Taxation without representation

Greening the U.S. tax code gets sadly little attention from green groups.

This morning the Brookings Institution hosted a forum on "Tax Reform and the Environment." Along with the usual suspects singing the economic and environmental praises of ending subsidies and tax breaks that harm the environment as well as levying some that would help was one William Frenzel -- former Member of Congress and current member of the President's Advisory Panel on Federal Tax Reform. Mr. Frenzel noted that out of the hundreds of submissions from the public to the panel a grand total of three could be generously described as support for "greening" our taxes as part of a reform package. It's been nearly 20 years since the last tax reform happened, and I know that in the current DC climate it's hard to imagine a green shift in taxes, but come on people. Don't we need to at least try? As far as I know, no environmental group has set up a generic e-mail for their members to send to the panel. This surprises me. But you can take matters into your own hands by submitting your own suggestions. According to Frenzel:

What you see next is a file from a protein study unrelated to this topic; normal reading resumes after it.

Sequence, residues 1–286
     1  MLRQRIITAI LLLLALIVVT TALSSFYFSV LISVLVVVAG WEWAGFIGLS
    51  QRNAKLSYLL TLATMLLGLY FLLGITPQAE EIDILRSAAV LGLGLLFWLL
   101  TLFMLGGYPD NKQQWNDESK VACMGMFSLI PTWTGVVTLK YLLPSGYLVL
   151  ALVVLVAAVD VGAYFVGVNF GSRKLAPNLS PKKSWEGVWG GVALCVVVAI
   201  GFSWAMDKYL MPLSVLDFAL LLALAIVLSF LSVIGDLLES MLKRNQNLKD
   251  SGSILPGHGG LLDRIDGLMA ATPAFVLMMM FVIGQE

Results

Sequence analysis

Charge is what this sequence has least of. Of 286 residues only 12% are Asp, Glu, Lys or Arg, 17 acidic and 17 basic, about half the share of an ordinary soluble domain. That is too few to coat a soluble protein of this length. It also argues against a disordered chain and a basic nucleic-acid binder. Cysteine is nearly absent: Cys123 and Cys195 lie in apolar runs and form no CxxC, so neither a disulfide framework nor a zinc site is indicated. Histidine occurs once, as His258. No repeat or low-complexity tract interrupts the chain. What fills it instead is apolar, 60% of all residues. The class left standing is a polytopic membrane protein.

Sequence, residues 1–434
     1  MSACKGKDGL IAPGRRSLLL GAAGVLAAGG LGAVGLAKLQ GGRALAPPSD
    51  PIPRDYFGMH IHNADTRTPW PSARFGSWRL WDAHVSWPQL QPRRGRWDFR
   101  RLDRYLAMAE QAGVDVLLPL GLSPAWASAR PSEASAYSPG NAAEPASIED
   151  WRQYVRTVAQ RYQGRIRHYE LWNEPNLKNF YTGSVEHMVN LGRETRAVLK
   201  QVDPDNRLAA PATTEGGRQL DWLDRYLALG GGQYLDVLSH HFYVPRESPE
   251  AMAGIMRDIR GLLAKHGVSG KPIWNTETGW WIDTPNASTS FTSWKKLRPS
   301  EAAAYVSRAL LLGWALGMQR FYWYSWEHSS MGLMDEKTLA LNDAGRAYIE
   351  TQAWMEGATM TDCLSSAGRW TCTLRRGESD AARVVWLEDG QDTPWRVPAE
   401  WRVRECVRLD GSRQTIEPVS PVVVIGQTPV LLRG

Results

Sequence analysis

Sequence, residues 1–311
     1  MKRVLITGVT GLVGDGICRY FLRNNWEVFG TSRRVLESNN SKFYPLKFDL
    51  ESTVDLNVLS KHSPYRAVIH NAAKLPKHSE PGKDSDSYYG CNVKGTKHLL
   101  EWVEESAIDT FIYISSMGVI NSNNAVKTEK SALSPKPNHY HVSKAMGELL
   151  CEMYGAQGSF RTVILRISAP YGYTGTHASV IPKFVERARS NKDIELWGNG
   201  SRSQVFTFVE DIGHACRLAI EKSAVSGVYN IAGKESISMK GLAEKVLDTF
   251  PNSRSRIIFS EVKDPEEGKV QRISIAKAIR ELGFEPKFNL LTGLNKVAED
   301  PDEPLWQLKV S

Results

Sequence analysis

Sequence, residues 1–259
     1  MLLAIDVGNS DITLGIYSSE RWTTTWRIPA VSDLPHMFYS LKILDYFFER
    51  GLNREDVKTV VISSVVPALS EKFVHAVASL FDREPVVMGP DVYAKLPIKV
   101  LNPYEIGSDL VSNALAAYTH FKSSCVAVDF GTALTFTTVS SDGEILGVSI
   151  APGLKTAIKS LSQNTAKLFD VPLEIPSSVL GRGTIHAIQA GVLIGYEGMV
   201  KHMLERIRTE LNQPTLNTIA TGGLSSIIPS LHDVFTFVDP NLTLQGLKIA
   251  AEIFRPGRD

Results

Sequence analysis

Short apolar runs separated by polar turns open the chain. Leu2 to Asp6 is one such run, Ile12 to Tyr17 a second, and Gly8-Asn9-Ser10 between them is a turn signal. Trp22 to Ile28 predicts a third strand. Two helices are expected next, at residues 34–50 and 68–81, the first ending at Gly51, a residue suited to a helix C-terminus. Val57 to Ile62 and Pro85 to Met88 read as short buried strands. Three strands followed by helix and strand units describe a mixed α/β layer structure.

A lot of hot air

A study says the world’s wind alone could meet its energy needs; the Senate disagrees.

A new study by some smart scientists at Stanford University suggests that global wind resources are good enough to produce 72 terawatts of electricity with current turbine technology. That's about 40 times the amount of electricity the world used in the year 2000! In other hot air news, Sen. Domenici (R-NM), chairman of the Senate Energy committee, described Sen. Wyden's (D-OR) proposal of funding parity for coal and renewables as a "joke" during the energy bill markup today. Question to Stanford scientists: How much electricity could the collective sighs of sustainable energy supporters produce?